let structWithComputedValue = StructWithComputedValue()
    
}

let instance = SomeOtherStruct()

instance.value // random

I don't think anything here changes during the lifetime of properties.
It is always possible to declare impure function and computed properties.

Elaborate?

instance is fixed and non-mutable. value is an impure computed property, basically a function without function invocation syntax. None of these change. But as a consequence of being impure, the computed property's return value is random. That's similar to assigning a closure to a let, non?

Yeah I agree with you. I guess I'm not sure if that aligns with this statement though:

let means "guaranteed not to change for the lifetime of the property"*, which is stronger than just "cannot be mutated". There's no way for the compiler to validate that for a property wrapper without exposing whether wrappedValue is stored or computed. As @cukr noted above, depending on that would break the ability of the property wrapper author to change their property wrapper.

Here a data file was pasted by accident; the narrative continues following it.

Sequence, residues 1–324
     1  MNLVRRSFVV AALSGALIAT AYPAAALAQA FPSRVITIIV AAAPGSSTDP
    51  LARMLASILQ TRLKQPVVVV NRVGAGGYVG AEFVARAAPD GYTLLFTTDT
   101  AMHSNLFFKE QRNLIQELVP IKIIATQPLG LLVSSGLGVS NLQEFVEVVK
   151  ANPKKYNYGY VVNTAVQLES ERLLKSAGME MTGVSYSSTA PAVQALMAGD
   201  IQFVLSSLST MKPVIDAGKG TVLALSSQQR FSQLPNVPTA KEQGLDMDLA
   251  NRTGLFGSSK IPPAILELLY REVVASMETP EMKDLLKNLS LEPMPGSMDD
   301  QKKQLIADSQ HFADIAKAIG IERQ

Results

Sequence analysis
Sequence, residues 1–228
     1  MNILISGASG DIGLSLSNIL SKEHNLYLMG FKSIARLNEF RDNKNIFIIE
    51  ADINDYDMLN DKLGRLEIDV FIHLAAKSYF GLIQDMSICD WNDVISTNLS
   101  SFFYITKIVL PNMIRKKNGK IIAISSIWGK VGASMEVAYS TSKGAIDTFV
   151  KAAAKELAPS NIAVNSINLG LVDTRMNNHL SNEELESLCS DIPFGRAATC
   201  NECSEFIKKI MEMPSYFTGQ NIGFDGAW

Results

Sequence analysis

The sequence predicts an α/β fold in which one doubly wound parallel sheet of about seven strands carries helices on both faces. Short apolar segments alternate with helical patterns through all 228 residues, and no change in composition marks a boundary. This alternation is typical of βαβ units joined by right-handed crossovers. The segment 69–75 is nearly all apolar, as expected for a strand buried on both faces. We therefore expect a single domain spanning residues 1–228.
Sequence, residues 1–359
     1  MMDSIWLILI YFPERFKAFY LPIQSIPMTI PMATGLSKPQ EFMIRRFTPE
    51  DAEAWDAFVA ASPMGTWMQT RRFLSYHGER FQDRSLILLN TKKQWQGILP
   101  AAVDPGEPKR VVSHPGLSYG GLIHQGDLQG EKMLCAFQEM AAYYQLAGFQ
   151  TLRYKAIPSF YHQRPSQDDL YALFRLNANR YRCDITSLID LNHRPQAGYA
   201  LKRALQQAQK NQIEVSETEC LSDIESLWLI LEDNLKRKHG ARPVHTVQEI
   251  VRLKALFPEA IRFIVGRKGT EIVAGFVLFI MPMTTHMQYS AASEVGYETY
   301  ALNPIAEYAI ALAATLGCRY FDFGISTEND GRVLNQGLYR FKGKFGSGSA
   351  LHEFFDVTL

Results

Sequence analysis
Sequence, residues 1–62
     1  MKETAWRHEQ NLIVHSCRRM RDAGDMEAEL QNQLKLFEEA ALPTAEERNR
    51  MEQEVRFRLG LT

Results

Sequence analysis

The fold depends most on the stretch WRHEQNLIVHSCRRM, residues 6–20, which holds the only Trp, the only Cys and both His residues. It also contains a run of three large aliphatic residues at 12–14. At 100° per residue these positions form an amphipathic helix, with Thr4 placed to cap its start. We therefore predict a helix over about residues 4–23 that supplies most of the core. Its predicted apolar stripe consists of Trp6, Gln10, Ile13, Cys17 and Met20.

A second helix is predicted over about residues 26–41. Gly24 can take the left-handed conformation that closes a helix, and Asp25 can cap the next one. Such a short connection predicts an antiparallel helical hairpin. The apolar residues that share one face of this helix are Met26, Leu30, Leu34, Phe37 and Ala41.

If that's what let means, and the compiler can't validate that unless it checks whether wrappedValue is stored or computed, then shouldn't that apply to any let declaration, and not just property wrappers? You can declare any property as let — "guaranteed not to change for the lifetime of the property" — but the compiler currently doesn't perform any verification about whether they're stored or computed. I'm not sure why property wrappers are a special case.

It's possible I'm just not understanding the semantics here.

@PropertyWrapper var foo: Foo = ...

… gets de-sugared to something like